The way she consumated her marriage was rather odd to I thought! 

    ReplyCopy URL
    Tye-Grr
    Member
    Joined:
    Nov 5th, 2010
    Topics:
    Posts:
    #35430

    @Ethel- Indeed it was!! Haha… And definitely not the route I’d I’ve taken… I would’ve never left that bedroom, let me tell you that. 😉

    ReplyCopy URL
    Ethel Charles
    Member
    Joined:
    Sep 23rd, 2011
    Topics:
    Posts:
    #35431

    I too would have willingly volunteered for the job, particularly when the pants came off!

    ReplyCopy URL
    blueprint
    Participant
    Joined:
    Jul 13th, 2011
    Topics:
    Posts:
    #35432

    Oh, I can only agree to what you two said. One look at him in his Calvins and he would have had me.

    ReplyCopy URL
    RJ
    Participant
    Joined:
    May 28th, 2011
    Topics:
    Posts:
    #35433

    The opening 8 minutes of this one are truly stunning cinema – I love it when films show me things I’ve never seen before; Noe did it last year with Enter the Void, Malick did it earlier this year with The Tree of Life, and now Von Trier does it with Melancholia. It’s a work that I’m still trying to wrap my head around. Everyone involved is operating at their highest level, and Charlotte Gainsbourg deserves just as many accolades as have been thrown Kirsten Dunst’s way. Part of why their performances work so well is the dynamic that they create in playing opposite one another; Dunst’s literally immobilizing depression takes on an edge of selfishness, while Gainsbourg’s devoted and caring sister descends into limp patheity. I struggle to understand what it all means, and the connection between parts one and two borders on tenuous. But the overall picture is one that is well worth seeing. Nobody makes films like Lars Von Trier does. I already cannot wait to revisit this one.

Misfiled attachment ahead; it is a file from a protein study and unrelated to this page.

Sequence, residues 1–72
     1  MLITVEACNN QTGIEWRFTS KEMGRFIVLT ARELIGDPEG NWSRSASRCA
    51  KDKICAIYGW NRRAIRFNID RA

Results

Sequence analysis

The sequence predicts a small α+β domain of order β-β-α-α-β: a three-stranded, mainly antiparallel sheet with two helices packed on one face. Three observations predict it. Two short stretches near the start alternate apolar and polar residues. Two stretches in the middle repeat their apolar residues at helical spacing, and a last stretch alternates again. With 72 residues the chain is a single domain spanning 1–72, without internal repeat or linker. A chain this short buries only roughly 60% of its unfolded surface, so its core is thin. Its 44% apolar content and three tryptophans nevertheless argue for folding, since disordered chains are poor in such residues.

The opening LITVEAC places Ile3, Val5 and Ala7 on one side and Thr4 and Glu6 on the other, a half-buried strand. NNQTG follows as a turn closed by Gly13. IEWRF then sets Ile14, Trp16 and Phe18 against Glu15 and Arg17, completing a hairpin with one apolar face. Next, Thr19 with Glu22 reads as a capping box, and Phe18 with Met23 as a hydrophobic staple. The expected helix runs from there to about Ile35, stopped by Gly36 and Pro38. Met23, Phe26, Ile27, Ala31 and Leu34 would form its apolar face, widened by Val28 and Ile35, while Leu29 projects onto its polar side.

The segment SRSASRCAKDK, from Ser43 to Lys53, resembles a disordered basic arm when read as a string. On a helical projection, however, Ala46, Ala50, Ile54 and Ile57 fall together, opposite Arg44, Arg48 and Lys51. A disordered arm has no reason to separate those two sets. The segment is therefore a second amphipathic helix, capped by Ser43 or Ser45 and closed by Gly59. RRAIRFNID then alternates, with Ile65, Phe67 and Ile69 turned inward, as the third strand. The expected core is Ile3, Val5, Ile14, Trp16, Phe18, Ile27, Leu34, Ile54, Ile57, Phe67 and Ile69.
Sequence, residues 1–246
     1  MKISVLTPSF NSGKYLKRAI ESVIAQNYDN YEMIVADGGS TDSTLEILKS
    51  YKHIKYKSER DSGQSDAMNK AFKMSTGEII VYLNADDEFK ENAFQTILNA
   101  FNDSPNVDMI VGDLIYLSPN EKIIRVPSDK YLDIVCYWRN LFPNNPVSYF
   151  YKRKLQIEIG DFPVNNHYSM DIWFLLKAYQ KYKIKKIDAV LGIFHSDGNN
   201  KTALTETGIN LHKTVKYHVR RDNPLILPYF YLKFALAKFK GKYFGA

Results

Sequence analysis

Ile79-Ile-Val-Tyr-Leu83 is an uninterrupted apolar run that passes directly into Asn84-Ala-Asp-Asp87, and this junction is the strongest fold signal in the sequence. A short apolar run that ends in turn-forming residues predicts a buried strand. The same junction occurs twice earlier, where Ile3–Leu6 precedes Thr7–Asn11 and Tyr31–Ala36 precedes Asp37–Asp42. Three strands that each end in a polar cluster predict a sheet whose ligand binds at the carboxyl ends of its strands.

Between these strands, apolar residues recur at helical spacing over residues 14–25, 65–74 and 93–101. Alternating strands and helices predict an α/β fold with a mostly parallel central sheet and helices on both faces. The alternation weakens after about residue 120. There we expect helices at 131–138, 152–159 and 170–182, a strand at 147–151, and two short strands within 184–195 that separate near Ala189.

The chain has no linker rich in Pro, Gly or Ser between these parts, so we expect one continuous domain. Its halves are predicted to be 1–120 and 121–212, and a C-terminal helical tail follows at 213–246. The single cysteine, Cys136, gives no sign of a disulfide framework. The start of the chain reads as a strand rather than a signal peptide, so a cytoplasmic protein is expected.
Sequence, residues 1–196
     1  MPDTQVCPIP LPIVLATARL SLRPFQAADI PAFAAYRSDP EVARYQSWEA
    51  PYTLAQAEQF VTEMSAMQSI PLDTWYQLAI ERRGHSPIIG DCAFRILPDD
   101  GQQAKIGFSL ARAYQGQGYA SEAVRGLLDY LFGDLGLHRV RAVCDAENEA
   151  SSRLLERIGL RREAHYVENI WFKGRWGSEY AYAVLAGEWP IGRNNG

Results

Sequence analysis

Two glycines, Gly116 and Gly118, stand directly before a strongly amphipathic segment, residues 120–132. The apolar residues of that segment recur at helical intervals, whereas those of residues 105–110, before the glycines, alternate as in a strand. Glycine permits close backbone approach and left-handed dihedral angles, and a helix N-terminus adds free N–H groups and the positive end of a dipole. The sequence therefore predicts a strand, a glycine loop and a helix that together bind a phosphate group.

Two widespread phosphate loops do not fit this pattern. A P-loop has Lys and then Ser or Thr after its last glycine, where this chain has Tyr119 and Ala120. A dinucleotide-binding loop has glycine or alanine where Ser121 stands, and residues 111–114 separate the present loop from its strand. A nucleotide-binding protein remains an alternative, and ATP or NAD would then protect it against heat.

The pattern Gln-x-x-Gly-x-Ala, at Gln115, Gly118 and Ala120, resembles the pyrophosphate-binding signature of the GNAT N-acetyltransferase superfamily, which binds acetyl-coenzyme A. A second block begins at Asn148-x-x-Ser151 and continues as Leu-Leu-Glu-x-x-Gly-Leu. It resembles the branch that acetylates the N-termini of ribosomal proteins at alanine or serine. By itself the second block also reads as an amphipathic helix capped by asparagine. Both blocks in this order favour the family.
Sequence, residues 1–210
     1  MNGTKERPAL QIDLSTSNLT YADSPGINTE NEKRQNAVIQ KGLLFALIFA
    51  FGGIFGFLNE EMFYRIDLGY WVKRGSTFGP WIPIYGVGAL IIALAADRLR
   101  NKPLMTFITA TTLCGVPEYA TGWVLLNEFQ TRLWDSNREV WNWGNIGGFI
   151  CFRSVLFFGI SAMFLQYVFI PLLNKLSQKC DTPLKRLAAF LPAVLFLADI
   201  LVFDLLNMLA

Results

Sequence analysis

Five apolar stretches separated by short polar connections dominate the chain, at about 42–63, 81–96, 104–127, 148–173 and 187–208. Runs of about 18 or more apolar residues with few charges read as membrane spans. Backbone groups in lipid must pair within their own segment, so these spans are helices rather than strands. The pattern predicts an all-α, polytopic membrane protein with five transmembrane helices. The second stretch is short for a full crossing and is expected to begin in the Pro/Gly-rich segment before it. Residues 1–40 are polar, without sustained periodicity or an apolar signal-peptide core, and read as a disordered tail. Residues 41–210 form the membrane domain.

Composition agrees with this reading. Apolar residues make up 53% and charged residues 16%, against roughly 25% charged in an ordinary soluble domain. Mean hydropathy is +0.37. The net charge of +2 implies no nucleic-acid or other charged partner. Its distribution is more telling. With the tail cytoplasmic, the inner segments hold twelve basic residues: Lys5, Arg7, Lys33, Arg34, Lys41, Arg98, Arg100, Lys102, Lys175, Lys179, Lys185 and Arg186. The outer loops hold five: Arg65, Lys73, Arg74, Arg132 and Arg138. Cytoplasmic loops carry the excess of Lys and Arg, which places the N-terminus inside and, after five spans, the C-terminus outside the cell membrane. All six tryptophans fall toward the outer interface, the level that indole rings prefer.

ReplyCopy URL
    Junk
    Member
    Joined:
    Jul 2nd, 2011
    Topics:
    Posts:
    #35434

    I saw this today, didn’t LOVE it, but loved it enough to say this one is unmissable, and one of this year’s best and most remarkable films. I was truly on the edge of my seat the whole time watching this. Loved Dunst performance, she truly lept out of her bounds with this, and should be deserving of a nom. But my greatest pleasure was to see Charlotte Gainsbourg’s performance which I’d put in the same breadth, or if only a little lower than Dunst’s in this film. She was truly spectacular as the devoted sister and mother whose initial calmness turns into an awful desperation which she portrayed so beautifully . She could very well be co-lead with Dunst, but if they start a campaign for her, which they should and frankly I’m surprised I haven’t read much about it, she has a great chance of a nom for Supporting.

    My Grade: 7.5/10

    MVP: Kirsten Dunst

    ReplyCopy URL
Viewing 15 posts - 1 through 15 (of 104 total)
Reply To: MELANCHOLIA Thread

You can use BBCodes to format your content.
Your account can't use Advanced BBCodes, they will be stripped before saving.

Similar Topics
Sam K - Dec 17, 2017
Movies
Sir - Dec 17, 2017
Movies